Crater Lake is the deepest lake in the United States and the 9th deepest lake in the world.
The lake is contained within a Caldera created by a volcano that erupted and then collapsed in on it self. The lake is not a typical lake, filled by rivers or streams. All the water that is inside the lake came from rain, snow, or snow melt, which makes it one of the cleanest large bodies of water in the world. I always knew this fact, but it wasn’t until I got there that I found out that you could actually hike down to the water, touch it, and even swim in it if you wanted, via Cleetwood Cove trail. But beware, Cleetwood Cove trail is known to be steep and strenuous. The hike back to the top is equivalent to climbing 65 flights of stairs, so it is marked for hikers that are pretty physically fit. This trail is open mid-June to October. There are vault bathrooms at the start and bottom of the trail.
While there are over 90 miles of hiking trails in the Crater Lake National Park, you can also chose to drive the rim of the crater, if hiking isn’t your thing. There are plenty of easy trails and or look outs along the East and West Rim Drive. Plaikni Falls seems like a pretty chill walk thru an old growth forrest to a waterfall that is also fed by snowmelt, not Crater Lake, as one would expect.
We chose to do the Garfield Peak trail. It is a 3.6 mile (round trip) rocky hike to the top of Garfield Peak where you will have panoramic views, above the crater, at summit. Most of the hike gets more and more scenic, the higher you go on the trail. We are moderately fast hikers and it took us 31 minutes to summit and 40 minutes to get down. The hike recommends allowing yourself 2-3 hours for the entire hike.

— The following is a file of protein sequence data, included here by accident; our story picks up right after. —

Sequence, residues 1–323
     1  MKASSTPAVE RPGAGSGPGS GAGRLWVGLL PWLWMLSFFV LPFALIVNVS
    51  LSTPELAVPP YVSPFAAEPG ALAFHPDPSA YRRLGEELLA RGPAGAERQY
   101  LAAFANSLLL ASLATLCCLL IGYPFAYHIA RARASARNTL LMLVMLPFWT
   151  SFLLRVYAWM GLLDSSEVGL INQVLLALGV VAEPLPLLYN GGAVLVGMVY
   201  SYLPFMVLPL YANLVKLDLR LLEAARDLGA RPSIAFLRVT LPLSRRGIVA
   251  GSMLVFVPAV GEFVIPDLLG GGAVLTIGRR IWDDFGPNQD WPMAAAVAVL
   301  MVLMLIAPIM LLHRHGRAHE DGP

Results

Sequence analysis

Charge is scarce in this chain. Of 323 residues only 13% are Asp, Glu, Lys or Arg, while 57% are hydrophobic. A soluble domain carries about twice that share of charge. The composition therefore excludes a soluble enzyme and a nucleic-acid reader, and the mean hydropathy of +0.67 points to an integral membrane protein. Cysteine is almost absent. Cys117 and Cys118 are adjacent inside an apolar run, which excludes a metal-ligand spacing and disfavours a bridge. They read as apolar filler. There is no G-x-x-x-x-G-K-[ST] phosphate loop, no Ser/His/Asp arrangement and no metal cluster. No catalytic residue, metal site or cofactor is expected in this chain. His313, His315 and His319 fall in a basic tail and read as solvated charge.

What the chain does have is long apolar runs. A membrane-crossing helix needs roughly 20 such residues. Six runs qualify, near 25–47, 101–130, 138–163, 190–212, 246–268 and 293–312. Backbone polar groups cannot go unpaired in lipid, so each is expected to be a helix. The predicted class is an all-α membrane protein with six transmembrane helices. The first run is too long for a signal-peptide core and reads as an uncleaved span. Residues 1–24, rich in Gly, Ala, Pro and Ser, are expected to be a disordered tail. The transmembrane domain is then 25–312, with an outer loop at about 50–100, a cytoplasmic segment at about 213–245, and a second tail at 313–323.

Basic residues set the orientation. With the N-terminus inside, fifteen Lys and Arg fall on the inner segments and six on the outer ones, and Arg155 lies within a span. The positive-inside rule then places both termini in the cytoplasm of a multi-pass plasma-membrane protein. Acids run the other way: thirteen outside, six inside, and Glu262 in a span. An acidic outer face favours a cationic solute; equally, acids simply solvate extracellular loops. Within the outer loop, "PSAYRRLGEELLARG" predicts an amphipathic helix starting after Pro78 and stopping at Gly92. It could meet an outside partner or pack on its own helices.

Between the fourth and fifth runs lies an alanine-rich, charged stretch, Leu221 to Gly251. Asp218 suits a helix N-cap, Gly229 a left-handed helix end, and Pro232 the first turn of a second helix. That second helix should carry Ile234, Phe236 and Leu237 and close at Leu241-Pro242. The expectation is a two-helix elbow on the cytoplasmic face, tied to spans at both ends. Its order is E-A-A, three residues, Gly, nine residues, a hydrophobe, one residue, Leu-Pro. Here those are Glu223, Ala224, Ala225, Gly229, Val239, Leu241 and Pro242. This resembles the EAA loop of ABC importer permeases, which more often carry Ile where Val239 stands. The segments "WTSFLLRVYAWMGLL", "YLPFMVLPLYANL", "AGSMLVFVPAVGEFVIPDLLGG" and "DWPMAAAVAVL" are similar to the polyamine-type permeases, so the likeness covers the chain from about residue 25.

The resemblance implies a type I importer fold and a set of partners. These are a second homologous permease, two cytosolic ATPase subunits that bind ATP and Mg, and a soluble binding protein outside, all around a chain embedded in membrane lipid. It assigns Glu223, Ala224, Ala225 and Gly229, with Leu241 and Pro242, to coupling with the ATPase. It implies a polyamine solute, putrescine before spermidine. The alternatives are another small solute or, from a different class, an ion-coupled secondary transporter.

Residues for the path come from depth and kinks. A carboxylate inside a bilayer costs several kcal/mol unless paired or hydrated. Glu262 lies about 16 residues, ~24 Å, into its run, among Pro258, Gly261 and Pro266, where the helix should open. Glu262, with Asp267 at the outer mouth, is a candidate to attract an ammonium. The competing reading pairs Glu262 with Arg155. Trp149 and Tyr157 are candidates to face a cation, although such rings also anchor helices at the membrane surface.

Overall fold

Difficulty of this hike:
It is marked as “Strenuous,” which, I think, keeps most people off of the trail. We saw maybe 10 people on the trail, which is a stark difference from the groups of tourists we saw getting off buses near the Crater Lake Lodge and Gift Shop.
While this hike climbs 1,010 feet in elevation over 1.7 miles, I didn’t think it was too strenuous. Maybe it was my racing the sun attitude, as we decided to jump on this trail pretty late in the afternoon, as soon as we spotted Garfield Peak. However hard it was, the reward at the top, seclusion along the trail, and the views all along the trail definitely made any difficulty or struggle worth it. If that sounds good to you and you are still worried about the “strenuous” label, there are plenty of pull offs, with rock benches to sit on and take in the view and catch your breath.
Free Camping Near Crater Lake:
There are no free campsites inside the National Park, but the Sno-park’s on the North and South and South entrance of the the boundary are free camping in the Summer months. There are vault toilets at each spot.
We camped at the North Crater Lake Trail Head Sno-Park, which is also apparently a PCT parking lot. There are vault toilets here and picnic tables. There are no views as it is amongst the trees off HWY-138, but it is so quiet. We were there with two other vans, but you could hardly tell as we all had our own little tree coves to pull into.
We checked out the Annie Creek Sno-Park, the South Entrance free camping, off of the 62, going into Crater Lake National Park. There were a couple 5th wheels and tents at the end of the huge parking lot. It looked to have views, if we were headed back south, we would have stayed here for the views.